The work of Alypius consists wholly, with the exception of a short introduction, of lists of the symbols used (both for voice and instrument) to denote all the sounds in the forty-five scales produced by taking each of the fifteen modes in the three genera (diatonic, chromatic, enharmonic). It treats, therefore, in fact, of only one (the fifth, namely) of the seven branches into which the subject is, as usual, divided in the introduction; and may possibly be merely a fragment of a larger work. It would have been most valuable if any considerable number of examples had been left us if the actual use of the system of notation described in it; unfortunately very few remain, and they seem to belong to an earlier stage of the science. However, Alypius's work remains the best source of modern knowledge of the musical notes of the Greeks, including a comprehensive account of the Greek system of scales, transpositions, and musical notation, and serves to throw some light on the obscure history of the modes.
The text, which seemed hopelessly corrupt to its first contemporary editor, classical scholar Johannes Meursius, was nevertheless restored, apparently with success, by the Danish scholar Marcus Meibomius.Introduction to Music was printed with the tables of notation in Meibomius' Antiquae Musicae Scriptores, (in quarto, Amsterdam 1652). Meibomius not only made use of the manuscript belonging to Joseph Scaliger, but others also existing in England and Italy. Karl von Jan published an authoritative edition in Musici Scriptores Graeci, 1895-1899.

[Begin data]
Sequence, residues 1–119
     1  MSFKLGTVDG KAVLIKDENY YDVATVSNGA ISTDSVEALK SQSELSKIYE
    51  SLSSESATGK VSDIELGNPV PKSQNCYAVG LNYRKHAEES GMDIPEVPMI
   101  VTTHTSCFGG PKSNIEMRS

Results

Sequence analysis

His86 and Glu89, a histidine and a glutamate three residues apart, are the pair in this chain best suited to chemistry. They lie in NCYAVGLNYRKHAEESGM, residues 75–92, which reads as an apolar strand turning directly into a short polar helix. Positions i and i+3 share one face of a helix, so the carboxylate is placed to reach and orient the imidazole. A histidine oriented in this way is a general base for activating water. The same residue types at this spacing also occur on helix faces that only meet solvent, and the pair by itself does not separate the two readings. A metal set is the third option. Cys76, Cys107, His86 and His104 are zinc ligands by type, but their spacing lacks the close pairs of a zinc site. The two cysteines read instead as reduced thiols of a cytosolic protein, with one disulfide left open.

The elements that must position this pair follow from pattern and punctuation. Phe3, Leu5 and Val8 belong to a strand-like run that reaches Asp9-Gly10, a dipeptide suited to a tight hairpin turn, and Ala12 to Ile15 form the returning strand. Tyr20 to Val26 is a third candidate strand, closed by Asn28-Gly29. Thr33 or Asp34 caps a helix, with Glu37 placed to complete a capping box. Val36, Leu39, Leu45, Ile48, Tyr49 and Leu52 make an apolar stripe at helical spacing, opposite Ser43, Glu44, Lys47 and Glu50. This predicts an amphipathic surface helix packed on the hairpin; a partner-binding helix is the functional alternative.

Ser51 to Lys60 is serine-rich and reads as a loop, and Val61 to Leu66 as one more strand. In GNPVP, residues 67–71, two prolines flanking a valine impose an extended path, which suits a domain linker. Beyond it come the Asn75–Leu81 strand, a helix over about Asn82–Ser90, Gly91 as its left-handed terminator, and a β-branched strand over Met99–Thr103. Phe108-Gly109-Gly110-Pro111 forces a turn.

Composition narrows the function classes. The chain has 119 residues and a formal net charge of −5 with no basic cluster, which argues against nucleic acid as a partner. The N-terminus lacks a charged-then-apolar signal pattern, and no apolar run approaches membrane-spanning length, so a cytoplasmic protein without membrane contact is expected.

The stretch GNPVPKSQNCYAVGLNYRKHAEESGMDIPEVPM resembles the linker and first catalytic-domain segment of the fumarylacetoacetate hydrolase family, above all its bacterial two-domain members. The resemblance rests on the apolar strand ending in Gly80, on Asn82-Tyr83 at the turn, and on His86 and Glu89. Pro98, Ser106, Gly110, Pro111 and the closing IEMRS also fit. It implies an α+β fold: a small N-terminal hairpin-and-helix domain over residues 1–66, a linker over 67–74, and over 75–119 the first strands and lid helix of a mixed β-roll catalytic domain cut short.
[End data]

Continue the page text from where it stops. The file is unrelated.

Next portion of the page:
There are no tolerably sure grounds for identifying Alypius with any one of the various persons who bore the name in the times of the later emperors, and of whose history anything is known. Jean-Benjamin de la Borde places him towards the end of the 4th century. According to the most plausible conjecture, he was that Alypius whom the writer Eunapius, in his Life of Iamblichus, celebrates for his acute intellect (? ?) and diminutive stature, and who, being a friend of Iamblichus, probably flourished under the emperor Julian the Apostate and his immediate successors, that is, during the 4th century. This Alypius was a native of Alexandria, and died there at an advanced age, and therefore can hardly have been the person whom the Roman historian Ammianus Marcellinus called "Alypius Antiochensis", who was employed by the emperor Julian in his attempt to rebuild the Jewish temple. Julian addresses two epistles (29 and 30) to Alypius ( ), in one of which he thanks him for a geographical treatise or chart; it would seem more likely that this was Alypius of Antioch, instead of the Alypius from Alexandria, although Meursius supposes the two were the same.
Iamblichus wrote a life of the Alexandrian Alypius, although it is no longer extant.